Barack Obama met for an hour in Chicago on Thursday with James Baker and Warren Christopher about how to achieve more meaningful consultation between the president and Congress on the use of military force. The former secretaries of state are the co-chairs of a bipartisan commission that recommended earlier this year that the 1973 War Powers Act be replaced by a new law that would mandate closer cooperation between the executive and legislative branches of government.
The War Powers Act is "ineffective at best; unconstitutional at worst," Baker said back in July at a press conference announcing the recommendations of the National War Powers Commission. "The rule of law is undermined and is damaged when the main statute in this vital policy area is regularly questioned or ignored."
Baker and Christopher indicated at their July 8 press conference on Capitol Hill that they were focused on the future and not the past, including the decision to go to war in Iraq which was authorized by a vote in Congress.
The former secretaries of state carefully sidestepped which previous U.S. military actions did not exhibit consultation between the executive and legislative branches.
"We have tried very hard not to call balls and strikes on past history," said Christopher.
A member of the commission’s staff, however, was more forthcoming in an interview with ABC News.
If the War Powers Act had been replaced along the lines advocated by Baker and Christopher, the president’s consultation of Congress would have been boosted during U.S. military actions in Kosovo, Panama, Lebanon, and Grenada, according to the commission staff member who spoke with ABC News.
The War Powers Act, which was passed in response to the Vietnam War, was intended to formalize a role for Congress in making the decision whether to go to war. Critics of the law believe that it has had the unintended effect of giving presidents free rein to conduct any military action for 90 days. After this window, the War Powers Act calls for the president to terminate the military engagement if Congress has not authorized it.
The War Powers Act is viewed as unconstitutional by many in the legal community because it attempts to give Congress the power to overrule the executive’s decision to go to war through the absence of action rather than through an affirmative vote. Baker and Christopher are hoping to address this perceived defect by requiring Congress to vote one way or the other within 30 days of the start of armed conflict.
The proposed statute would repeal the 1973 War Powers Act and replace it with a new statute providing that the president shall consult with Congress before deploying U.S. troops into "significant armed conflict" lasting, or expected to last, more than a week.
Congress would then have 30 days to vote on a measure approving the military action. If the resolution to approve were to fail in either the House or Senate, any member of Congress could then introduce a measure to disapprove, which would be voted on within five days. The proposed statute says that a joint resolution of disapproval will have the force of law only if presented to the president and signed, or if his or her veto is overridden. The practical fallout is that Congress could stop a president’s war only with a two-thirds vote in both houses overriding a presidential veto of a resolution of disapproval.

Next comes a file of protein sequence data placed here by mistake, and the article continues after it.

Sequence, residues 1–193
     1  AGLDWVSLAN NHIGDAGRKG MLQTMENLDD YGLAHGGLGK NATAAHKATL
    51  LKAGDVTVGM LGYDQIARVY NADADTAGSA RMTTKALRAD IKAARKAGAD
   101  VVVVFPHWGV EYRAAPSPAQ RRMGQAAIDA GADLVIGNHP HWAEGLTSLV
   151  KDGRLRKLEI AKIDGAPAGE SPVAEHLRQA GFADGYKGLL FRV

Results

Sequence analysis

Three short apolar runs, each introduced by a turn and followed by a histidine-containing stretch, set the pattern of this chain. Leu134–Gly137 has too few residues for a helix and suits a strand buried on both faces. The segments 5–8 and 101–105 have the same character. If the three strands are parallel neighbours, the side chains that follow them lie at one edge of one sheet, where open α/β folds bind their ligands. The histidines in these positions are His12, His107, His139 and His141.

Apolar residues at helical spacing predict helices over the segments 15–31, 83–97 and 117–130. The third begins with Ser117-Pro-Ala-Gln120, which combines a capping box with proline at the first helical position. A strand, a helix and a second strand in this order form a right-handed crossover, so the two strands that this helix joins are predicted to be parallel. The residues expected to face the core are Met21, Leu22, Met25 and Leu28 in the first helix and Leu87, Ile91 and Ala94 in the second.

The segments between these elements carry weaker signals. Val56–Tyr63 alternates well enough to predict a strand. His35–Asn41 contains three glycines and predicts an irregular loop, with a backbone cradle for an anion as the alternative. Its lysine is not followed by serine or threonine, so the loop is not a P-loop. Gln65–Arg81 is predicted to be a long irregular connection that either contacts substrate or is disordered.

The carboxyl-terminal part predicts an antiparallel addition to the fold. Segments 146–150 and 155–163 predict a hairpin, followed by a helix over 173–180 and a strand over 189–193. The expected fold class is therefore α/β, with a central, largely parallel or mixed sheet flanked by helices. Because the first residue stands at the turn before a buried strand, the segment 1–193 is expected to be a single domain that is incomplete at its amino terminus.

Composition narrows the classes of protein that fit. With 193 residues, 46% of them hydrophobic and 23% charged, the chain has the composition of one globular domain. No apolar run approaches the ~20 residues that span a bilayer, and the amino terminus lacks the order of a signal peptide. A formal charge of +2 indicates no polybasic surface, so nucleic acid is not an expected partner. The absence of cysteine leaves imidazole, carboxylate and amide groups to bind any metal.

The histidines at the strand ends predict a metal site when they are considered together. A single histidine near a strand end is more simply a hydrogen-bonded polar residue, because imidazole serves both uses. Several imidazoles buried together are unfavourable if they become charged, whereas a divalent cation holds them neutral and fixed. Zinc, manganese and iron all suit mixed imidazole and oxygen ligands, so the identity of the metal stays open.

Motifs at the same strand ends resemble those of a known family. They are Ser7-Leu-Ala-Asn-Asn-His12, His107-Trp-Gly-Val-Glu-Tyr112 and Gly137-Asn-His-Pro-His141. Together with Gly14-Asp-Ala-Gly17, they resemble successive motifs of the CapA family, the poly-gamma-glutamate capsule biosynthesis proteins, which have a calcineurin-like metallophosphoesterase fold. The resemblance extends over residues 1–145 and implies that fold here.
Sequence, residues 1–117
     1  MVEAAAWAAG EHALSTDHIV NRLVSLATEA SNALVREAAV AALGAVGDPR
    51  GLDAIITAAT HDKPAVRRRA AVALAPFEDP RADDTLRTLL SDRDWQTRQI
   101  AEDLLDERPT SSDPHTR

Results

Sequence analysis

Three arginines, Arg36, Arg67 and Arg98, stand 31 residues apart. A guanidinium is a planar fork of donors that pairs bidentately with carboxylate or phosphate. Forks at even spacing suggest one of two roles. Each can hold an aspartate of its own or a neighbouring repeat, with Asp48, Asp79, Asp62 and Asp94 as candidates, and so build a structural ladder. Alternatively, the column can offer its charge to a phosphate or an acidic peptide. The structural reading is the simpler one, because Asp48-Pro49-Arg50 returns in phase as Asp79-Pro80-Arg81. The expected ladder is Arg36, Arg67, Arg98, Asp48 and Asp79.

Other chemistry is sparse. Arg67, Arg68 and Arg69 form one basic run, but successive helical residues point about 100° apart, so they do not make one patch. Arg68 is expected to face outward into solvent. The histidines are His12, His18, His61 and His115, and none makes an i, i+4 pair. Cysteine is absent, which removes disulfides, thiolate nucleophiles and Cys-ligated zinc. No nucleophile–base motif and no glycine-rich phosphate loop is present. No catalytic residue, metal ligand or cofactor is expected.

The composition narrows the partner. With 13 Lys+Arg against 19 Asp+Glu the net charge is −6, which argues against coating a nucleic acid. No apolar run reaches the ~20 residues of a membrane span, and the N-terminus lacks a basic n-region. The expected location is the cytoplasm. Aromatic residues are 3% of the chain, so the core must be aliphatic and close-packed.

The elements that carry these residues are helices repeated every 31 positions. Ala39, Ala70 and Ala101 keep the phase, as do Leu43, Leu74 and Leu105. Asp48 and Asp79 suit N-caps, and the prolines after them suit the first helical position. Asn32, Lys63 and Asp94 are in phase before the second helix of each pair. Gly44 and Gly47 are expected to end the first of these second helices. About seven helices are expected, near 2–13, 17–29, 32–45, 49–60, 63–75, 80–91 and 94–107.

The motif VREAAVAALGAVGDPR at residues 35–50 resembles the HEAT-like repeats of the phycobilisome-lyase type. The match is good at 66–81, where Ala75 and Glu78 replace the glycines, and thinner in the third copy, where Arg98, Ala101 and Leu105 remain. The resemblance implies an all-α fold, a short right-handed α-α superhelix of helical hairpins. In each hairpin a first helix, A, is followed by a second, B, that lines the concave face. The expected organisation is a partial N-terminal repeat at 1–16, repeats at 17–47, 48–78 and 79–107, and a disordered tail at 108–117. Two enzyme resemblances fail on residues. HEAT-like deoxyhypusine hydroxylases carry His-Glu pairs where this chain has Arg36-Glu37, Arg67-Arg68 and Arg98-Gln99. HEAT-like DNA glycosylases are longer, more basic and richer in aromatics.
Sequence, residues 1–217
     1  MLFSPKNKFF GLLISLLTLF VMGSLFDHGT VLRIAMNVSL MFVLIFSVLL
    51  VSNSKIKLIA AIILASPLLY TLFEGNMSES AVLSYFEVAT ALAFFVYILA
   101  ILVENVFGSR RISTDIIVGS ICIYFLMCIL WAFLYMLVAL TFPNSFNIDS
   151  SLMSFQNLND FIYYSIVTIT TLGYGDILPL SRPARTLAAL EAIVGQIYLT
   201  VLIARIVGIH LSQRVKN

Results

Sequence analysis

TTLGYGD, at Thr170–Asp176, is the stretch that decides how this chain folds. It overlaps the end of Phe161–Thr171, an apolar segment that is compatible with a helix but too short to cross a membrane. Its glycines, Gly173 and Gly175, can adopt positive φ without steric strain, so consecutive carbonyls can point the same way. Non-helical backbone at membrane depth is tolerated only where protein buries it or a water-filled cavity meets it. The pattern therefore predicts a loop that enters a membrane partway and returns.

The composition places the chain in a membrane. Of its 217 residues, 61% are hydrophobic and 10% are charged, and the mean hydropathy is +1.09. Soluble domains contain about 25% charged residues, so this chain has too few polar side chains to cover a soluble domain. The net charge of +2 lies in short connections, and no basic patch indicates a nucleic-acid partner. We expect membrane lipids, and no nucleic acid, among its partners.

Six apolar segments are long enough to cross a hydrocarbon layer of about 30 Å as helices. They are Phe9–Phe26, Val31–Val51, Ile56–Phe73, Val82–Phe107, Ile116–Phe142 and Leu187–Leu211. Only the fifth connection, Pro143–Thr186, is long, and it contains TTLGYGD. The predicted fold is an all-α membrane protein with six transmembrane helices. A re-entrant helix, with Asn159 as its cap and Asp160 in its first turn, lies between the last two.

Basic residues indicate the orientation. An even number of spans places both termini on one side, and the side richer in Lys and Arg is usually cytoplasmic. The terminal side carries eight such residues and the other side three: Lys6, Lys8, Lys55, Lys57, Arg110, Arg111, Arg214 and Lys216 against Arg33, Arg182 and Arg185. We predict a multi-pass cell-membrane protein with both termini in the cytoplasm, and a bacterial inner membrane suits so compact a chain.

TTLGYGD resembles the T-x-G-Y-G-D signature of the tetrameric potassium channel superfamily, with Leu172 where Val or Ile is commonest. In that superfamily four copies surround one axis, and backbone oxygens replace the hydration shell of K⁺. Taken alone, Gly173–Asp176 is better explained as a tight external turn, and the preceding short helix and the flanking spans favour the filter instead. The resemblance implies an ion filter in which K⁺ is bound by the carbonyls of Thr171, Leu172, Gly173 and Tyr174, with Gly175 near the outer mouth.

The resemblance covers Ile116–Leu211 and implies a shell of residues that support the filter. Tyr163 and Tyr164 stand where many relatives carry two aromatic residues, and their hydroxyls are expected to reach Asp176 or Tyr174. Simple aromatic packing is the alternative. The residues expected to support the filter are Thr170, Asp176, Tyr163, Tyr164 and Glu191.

The War Powers Consultation Act of 2009 would create a 20-member Joint Congressional Consultation Committee which would include leaders of the House and Senate from both parties as well as the chair and ranking members of key House and Senate committees covering foreign affairs, armed services, intelligence, and appropriations. The joint committee would have a standing bipartisan staff and receive the same intelligence shown the president.
"The way for the president to get independent advice is to go to the Congress," said former Rep. Lee Hamilton, D-Ind., a member of the commission.
The proposed statute specifically states that the president would not be required to consult Congress before taking action to repel attacks, or to prevent imminent attacks, on the United States. Other military actions not covered would include covert operations, humanitarian missions launched in response to natural disasters, or "limited acts of reprisal" against terrorists or states that sponsor terrorism.
When Obama’s campaign was asked about the commission’s proposal back in January, a spokesman praised the effort to spur closer consultation without endorsing the specifics of the proposal. "Senator Obama commends this bipartisan study for advocating that the President consult Congress more closely on issues of critical national importance like the use of military force," said Obama spokesman Nick Shapiro.
Thursday’s meeting with Baker and Christopher is "being held at the request of the commission members," according to Obama’s transition office.
Obama’s meeting with Baker and Christopher has now concluded. It lasted for an hour. Hamilton joined the meeting by phone.
Following the discussion, Obama foreign policy advisor Denis McDonough released this statement:
"President-elect Obama met with Secretaries Baker and Christopher for an hour this afternoon in Chicago. Lee Hamilton joined the meeting by phone. Their conversation covered a range of important topics, including the recent study on war powers co-chaired by Secretaries Baker and Christopher. President-elect Obama expressed his appreciation for their work and said he would review the Commission’s proposal. The President -elect underscored his commitment to working closely with Congress with bipartisan participation."